The Organic Consumers Association today published a useful comparison by David Bronner, the pioneering natural soaps and personal care product-maker behind the Dr. Bronner's Magic Soup family of products.
In his comparison, he considers both U.S. and European standards, both those backed by government regulations or third-party not-for-profits, and those cooked up by others in the industry. Bronner has been involved in the Coming Clean Campaign, with the Organic Consumers Association, which includes both supporting public education and lawsuits against brands that -- they allege -- use misleading claims on their labels. The claims would lead consumers to believe the ingredients used in various lotions, soaps and other personal care products are less toxic and more environmentally benign than they are, according to the allegations.
Personal care products include cosmetics, shampoos and conditioners, toothpastes and mouthwashes, sunscreens, makeup and cosmetics, and soaps.
Here are Bronner's ratings, with text by The Daily Green:
USDA "Organic" - ***** (5 Stars)
When you see the word "organic" you know what it means. U.S. standards back it up. If the entire product is labeled USDA Organic it contains at least 95% organic ingredients, and any ingredients that aren't organic are included only because organic versions don't exist in a commercially viable quantity or quality. If the labels says "made with organic," it has at least 70% organic ingredients.
As Bronner writes, these products have "no synthetic preservatives or petrochemicals" and the statements on labels are backed up with "rigorously enforced compliance."
NSF ***+ (3.5 Stars)
NSF International, a U.S. not-for-profit, develops standards and certification for products. Its rating system is a "responsible compromise" between the makers and consumers of products and the cosmetics industry, according to Bronner. It allows a few synthetic preservatives that are identical to compounds found in nature, according to Bronner.
U.K. Soil Association "Organic" *** (3 Stars)
Like USDA Organic, the U.K. Soil Association certification requires a product contain 95% organic ingredients for labeling an entire product "organic," and 70% for any product labeled "made with orgnaic" ingredients. Bronner rates this standard lower, however, because it allows the use of synthetic petrochemical preservatives like phenoxyethanol. Only consumers in the U.K. are likely to see this label.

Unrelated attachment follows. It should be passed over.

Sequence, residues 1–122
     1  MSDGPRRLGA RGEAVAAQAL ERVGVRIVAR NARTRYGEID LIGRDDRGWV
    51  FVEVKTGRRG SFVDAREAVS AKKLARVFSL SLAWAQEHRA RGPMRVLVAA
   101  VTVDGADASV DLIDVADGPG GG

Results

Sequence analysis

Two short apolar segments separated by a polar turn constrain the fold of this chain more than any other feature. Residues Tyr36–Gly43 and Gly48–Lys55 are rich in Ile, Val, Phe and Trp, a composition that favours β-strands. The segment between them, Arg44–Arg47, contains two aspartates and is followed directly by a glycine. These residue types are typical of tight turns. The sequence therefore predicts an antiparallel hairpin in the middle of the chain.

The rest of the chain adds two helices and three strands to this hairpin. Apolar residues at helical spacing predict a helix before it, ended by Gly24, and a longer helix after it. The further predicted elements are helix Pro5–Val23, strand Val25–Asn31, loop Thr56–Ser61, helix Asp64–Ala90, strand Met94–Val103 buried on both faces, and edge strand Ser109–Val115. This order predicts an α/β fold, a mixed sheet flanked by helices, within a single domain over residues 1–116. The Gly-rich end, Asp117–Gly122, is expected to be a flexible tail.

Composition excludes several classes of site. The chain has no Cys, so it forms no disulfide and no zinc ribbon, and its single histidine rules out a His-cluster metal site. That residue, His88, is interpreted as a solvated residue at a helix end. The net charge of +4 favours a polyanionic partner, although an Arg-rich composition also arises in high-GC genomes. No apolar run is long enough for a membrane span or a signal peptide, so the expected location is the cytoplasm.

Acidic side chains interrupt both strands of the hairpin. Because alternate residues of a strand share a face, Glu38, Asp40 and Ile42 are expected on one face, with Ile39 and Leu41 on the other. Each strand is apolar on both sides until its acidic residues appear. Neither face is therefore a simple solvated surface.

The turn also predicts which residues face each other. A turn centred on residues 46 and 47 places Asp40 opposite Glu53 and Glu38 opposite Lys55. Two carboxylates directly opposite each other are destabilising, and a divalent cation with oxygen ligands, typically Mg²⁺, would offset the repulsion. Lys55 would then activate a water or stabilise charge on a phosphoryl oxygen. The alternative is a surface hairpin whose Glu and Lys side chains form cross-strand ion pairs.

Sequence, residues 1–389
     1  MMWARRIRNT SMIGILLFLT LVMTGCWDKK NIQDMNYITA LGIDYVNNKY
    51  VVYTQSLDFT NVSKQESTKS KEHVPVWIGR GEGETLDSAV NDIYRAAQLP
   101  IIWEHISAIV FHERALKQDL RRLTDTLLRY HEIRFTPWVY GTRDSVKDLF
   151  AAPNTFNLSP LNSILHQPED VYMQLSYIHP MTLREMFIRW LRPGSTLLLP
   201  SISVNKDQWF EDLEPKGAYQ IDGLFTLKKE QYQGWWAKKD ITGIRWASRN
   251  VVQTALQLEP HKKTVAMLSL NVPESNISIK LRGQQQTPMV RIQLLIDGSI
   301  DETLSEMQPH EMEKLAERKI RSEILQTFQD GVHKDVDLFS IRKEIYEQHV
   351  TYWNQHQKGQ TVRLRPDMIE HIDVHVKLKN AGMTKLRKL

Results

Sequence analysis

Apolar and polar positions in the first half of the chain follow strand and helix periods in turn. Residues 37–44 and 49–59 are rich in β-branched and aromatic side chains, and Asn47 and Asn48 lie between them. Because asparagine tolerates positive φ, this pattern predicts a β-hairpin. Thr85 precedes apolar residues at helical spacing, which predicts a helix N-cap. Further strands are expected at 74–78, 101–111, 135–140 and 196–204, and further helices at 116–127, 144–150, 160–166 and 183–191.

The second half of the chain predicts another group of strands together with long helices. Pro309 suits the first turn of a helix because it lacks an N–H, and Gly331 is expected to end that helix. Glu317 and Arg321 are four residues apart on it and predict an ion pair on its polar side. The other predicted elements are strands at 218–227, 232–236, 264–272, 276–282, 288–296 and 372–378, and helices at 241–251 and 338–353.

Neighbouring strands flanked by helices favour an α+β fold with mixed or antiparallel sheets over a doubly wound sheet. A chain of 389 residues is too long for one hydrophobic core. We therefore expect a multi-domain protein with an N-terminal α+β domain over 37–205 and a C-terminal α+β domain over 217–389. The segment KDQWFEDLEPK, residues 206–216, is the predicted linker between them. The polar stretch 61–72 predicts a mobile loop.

BDIH "Certified Natural Cosmetics" **+ (2.5 stars)
Found primarily in Germany and other European countries, the BDIH Certified Natural Cosmetics label prohibits the use of petrochemicals and restricts synthetic chemicals to those identical to compounds found in nature. It does allow sulfation and hydrogenation, which more strict standards prohibit.
Natural Products Association **+ (2.5 stars)
The Natural Products Association, a U.S. cosmetics industry group, set out to develop a standard that would cover the use of the word "natural," which is unregulated by the government. This certification is very similar to BDIH, or will be in 2010, when the full set of criteria is implemented.
Whole Foods Premium Standard ** (2 stars)
This U.S. standard, created by the Whole Foods retail chain, is adequate for people concerned only about avoiding the potentially toxic ingredients that Bronner calls "most problematic," but it requires no use of organic ingredients and allows the use of synthetic preservatives.
OASIS + (0.5 Star)
Created by the cosmetics industry, the OASIS seal allows the use of the word "organic" with only 85% of a product is organic, and allows the use of more synthetic preservatives. "OASIS is a greedy overreach of the mainstream cosmetic industry that wants to roll over basic organic consumer criteria," Bronner writes, noting that it is similar to the NSF standard, but erodes the meaning of the word "organic" by setting a different criteria than that used by the USDA. Because of that, he called it "highly misleading to organic consumers."
NaTrue + (0.5 Star)
Found only in Germany and other European nations, the NaTrue standard is "the most permissive standard," according to Bronner, because -- like OASIS, it doesn't adhere to the same high standards for labeling products "organic."
Ecocert (0 Stars)
Primarily found in France and other European nations, Ecocert is "both the most permissive and misleading standard" according to Bronner, because it is the only standard that allows the use of petrochemicals as both cleaning agents and as preservatives, and because it goes beyond even OASIS and NaTrue in allowing the use of the word "organic" on products that have as little as 10% organic content. He called the label "highly misleading."
To read more of Bronner's rating, see A 5-Star Comparison & Ranking of U.S. and European "Organic", "made with Organic", and "Natural" Personal Care Standards at the Organic Consumers Association Web site.
Enter your city or zip code to get your local temperature and air quality and find local green food and recycling resources near you.